Once, as Ian Fleming observed, may be happenstance; twice, in this instance, omits coincidence and heads, rather pointedly, straight to what Fleming referred to as enemy action.

I didn’t know, at the time, just how much damage Maureen’s little “mistakes” had done, to my hearing and to my equilibrium. My balance has never been what it was before, and I am the unhappy recipient of an increasingly maddening case of tinnitus: What is, most euphemistically, often referred to as “a ringing in the ears” is in fact a chronic affliction I wouldn’t wish on Maureen herself. Barbra Streisand, who also suffers from tinnitus, once summed it up by saying she “can’t hear the silence.” You never do. Ever. And as you age (or as I age, anyway) the volume increases exponentially. What seemed to affect a single inner-ear only gradually takes over both. There has not been a moment of any day in the past three decades when I could, or can, in that eloquent phrase of Streisand’s, hear silence.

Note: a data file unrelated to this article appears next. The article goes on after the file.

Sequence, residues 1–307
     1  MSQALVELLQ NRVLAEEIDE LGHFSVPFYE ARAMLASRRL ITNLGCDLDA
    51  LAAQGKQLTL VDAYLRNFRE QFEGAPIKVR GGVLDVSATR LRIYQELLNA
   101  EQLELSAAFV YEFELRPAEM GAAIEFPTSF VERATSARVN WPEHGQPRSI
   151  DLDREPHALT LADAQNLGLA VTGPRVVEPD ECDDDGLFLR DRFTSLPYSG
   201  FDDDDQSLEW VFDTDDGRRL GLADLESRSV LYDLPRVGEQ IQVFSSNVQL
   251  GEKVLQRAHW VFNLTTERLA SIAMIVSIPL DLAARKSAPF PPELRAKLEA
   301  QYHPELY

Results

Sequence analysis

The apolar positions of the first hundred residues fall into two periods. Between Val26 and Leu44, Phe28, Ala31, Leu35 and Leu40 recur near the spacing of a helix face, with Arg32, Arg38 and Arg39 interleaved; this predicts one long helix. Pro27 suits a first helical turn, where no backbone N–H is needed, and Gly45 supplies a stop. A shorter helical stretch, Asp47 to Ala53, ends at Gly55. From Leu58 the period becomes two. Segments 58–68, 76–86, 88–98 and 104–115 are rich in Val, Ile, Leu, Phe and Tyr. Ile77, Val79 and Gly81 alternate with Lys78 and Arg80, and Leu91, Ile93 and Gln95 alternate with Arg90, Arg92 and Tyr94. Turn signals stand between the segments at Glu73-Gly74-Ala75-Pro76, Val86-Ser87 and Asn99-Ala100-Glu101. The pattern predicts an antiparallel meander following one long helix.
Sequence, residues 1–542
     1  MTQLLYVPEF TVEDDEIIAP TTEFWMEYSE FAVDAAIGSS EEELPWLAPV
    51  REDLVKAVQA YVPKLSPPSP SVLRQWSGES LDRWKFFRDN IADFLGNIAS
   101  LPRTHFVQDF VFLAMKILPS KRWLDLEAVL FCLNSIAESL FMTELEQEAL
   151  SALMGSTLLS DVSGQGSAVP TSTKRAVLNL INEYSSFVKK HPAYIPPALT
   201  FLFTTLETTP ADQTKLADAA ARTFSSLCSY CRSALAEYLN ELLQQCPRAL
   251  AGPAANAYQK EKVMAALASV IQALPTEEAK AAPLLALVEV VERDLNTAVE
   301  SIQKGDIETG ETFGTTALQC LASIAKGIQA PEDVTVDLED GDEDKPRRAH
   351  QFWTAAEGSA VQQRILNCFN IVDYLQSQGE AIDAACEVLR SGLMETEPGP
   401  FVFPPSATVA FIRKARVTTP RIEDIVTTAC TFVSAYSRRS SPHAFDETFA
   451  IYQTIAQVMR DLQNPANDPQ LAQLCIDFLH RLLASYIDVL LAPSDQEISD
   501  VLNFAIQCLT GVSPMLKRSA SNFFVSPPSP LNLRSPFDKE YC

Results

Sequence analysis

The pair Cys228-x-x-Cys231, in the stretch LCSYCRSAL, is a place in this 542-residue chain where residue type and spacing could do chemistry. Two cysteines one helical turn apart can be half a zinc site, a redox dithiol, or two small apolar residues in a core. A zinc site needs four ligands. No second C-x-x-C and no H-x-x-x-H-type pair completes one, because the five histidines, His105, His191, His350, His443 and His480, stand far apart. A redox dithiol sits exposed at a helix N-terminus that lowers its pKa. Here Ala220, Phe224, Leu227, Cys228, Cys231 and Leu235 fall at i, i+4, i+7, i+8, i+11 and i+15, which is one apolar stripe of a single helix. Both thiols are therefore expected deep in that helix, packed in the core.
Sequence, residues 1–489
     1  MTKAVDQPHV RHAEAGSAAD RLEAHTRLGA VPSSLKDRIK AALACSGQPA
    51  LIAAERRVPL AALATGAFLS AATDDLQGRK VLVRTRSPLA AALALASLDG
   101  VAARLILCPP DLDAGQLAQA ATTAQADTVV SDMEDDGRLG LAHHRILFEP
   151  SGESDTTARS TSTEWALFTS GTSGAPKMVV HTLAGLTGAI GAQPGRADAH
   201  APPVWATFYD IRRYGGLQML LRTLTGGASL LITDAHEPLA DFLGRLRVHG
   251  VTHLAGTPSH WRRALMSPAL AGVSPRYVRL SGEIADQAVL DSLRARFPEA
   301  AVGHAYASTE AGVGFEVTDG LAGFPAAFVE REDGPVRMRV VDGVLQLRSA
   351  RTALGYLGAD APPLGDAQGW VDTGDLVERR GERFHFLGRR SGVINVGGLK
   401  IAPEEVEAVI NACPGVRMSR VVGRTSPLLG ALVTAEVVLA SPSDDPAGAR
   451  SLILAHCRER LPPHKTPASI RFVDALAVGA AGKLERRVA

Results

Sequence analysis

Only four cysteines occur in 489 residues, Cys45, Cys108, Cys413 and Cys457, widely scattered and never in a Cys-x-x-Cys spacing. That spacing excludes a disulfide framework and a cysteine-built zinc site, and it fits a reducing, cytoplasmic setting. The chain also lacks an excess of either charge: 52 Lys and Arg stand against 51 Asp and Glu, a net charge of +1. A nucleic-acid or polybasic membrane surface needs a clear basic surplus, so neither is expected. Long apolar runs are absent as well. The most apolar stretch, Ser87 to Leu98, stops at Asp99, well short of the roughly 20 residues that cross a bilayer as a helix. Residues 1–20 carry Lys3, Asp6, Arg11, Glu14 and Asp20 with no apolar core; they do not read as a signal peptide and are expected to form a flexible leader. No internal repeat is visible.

The sound of that high-pitched, unvarying static, day and night, for 30 years creates a layer of unexpected tension which, in one already afflicted by high anxiety to accompany his chronic depression, is nearly unbearable. I brought up Cat once, on Facebook, and both Mike and Chuck remarked that they never, or seldom, think about that experience. They’re exceedingly lucky. I can’t go a single day without being reminded.

Lest this little memoir suggest that this production was a complete loss, I should mention two, very pleasant, outgrowths of the process. The first was getting to know Chuck; he’d known Victor long enough, and his own persona is relaxed enough, that he was able to psychically roll his eyes over our mutual friend’s more outrageous demonstrations. Victor’s aged mother was coping with cancer the entire time I knew her son. Sadly, she died while we were in rehearsal. Although Chuck grieved for his loss, as I did, Victor’s slightly melodramatic swoonings led Chuck to remark, after he’d left the room, “It must be tough to be orphaned at 33.”